As the temperature drops and we start piling on the warmer layers, it’s easy to forget that harsh winter weather can still do a number on your skin. Strong winds, below zero temperatures, and even our cozy heated homes can gradually strip away your skin’s moisture, leaving it more prone to redness, wrinkles, and irritation. As the weather gets colder and the days shorter, we also tend to take longer and even hotter showers, a practice which can further exacerbate already dry skin.

Hydration is the number one priority when it comes to keeping your skin glowing and in good condition during the coldest days of the year, and drinking enough water is, of course, the first step to making sure your body stays healthy inside and out. But when it comes to dry skin, an often convenient solution is to go out and buy expensive lotions and creams.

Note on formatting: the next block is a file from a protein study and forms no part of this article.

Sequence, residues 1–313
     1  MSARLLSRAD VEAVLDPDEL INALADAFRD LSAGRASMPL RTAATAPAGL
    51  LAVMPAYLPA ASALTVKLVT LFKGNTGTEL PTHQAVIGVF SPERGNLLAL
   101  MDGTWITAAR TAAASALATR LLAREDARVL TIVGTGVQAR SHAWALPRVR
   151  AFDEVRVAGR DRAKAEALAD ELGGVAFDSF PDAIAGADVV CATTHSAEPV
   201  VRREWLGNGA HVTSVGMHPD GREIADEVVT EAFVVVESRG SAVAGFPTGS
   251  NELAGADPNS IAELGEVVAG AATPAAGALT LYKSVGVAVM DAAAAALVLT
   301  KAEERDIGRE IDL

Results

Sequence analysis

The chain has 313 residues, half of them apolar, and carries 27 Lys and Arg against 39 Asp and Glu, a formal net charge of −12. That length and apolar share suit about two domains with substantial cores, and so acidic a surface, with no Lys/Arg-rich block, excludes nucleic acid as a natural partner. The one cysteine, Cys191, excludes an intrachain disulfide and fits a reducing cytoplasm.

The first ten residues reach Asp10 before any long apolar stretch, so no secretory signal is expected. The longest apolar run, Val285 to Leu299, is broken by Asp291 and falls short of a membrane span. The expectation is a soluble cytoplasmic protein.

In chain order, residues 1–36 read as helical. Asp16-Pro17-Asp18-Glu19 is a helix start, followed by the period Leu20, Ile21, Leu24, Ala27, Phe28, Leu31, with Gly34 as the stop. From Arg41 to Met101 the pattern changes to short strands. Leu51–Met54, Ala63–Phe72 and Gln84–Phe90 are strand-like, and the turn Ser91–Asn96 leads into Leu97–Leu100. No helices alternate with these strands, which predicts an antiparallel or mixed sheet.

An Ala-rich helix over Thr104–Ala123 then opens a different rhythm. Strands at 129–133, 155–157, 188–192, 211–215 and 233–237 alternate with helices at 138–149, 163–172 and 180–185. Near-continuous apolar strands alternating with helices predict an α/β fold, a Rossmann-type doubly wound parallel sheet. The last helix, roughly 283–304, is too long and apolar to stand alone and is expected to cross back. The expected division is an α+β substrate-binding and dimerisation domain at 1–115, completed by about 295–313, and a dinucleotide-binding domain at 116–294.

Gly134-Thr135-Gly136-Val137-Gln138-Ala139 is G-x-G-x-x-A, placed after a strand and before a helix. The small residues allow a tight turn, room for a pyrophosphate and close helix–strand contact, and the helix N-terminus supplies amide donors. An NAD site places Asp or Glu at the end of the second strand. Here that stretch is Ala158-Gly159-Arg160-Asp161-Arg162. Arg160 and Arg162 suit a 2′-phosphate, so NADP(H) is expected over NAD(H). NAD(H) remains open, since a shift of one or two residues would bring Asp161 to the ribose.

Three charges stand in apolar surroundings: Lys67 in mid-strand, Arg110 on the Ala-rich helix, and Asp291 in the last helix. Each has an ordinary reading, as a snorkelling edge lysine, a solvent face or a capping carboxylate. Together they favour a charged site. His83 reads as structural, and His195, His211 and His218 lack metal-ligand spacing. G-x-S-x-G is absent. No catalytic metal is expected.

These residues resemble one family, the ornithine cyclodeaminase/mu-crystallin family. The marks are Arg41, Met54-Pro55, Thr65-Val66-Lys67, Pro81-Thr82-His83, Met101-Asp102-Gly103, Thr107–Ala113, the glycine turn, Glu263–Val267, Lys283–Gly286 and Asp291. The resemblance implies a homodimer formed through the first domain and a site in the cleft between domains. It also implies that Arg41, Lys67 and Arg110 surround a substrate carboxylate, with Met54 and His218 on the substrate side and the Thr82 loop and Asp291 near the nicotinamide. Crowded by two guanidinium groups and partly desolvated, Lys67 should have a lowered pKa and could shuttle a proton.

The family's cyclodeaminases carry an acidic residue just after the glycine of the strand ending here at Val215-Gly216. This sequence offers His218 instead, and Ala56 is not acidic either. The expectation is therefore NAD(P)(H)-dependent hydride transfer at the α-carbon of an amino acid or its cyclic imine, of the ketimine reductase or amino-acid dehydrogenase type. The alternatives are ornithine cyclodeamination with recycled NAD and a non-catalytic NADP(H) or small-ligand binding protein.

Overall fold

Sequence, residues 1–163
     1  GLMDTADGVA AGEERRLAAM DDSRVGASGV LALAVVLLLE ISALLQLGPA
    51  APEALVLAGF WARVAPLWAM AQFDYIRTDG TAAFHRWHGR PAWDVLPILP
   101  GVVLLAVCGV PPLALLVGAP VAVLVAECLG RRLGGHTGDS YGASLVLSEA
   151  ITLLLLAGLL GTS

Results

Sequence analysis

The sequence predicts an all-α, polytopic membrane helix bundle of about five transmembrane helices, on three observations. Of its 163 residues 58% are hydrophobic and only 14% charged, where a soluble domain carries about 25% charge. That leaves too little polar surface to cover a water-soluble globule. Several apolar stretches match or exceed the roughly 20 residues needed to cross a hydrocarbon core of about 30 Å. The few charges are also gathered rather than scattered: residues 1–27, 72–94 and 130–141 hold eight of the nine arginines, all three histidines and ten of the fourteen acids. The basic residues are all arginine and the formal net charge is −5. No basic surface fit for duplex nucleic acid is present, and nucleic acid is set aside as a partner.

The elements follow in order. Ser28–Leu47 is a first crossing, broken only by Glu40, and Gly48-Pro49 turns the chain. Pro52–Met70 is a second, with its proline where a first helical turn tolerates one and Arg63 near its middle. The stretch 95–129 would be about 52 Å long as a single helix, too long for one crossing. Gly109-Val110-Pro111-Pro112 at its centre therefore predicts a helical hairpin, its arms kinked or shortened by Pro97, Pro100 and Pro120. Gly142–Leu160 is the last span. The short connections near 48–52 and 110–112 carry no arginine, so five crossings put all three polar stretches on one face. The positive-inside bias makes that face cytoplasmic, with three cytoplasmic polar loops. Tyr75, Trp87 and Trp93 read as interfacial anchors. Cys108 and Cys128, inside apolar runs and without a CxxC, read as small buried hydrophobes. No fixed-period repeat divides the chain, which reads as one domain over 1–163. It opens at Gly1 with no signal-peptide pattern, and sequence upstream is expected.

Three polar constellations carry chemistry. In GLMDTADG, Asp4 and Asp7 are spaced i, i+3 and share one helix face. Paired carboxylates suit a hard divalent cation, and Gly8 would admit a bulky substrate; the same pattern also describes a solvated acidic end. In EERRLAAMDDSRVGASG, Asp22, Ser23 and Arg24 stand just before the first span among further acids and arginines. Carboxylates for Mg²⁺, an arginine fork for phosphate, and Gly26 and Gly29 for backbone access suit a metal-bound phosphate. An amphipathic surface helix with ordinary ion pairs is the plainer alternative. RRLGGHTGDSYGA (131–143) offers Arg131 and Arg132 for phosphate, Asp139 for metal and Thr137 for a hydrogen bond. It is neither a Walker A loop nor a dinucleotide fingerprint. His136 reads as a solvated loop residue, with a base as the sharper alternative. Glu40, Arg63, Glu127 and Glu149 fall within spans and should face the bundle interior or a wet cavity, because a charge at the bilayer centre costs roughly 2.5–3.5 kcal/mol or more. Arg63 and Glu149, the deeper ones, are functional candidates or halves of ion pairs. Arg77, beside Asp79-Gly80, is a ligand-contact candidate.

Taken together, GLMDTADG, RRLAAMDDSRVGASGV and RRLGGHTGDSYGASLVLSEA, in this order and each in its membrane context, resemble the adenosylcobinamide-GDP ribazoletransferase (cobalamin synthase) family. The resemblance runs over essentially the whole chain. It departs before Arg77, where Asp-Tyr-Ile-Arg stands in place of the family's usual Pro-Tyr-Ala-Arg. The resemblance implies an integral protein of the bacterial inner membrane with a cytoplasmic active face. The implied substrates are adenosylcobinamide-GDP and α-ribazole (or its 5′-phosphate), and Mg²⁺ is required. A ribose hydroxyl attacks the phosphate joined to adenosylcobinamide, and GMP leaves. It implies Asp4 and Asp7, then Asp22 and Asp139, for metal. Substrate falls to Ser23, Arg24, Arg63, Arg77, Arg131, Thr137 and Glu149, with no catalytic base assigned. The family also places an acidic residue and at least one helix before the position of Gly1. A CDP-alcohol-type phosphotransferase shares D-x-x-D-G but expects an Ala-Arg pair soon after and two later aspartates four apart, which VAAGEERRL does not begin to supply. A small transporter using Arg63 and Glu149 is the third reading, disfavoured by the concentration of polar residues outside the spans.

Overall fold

Unfortunately, even the best skin creams or those you find at your local pharmacy store are not always made completely free of harsh ingredients. Alcohol, for example, an ingredient common in many products can cause skin irritation or even more severe dermatitis. Cosmetics such as foundation and powder also plays a significant role in drying out or irritating skin. Today, more and more women are choosing to go fresh-faced, while finding alternatives to maintaining and improving skin without artificial products. Nature, as it turns out, has all the answers when it comes to treating skin in a gentle, wholesome, and healthful way.*

For Face and Neck: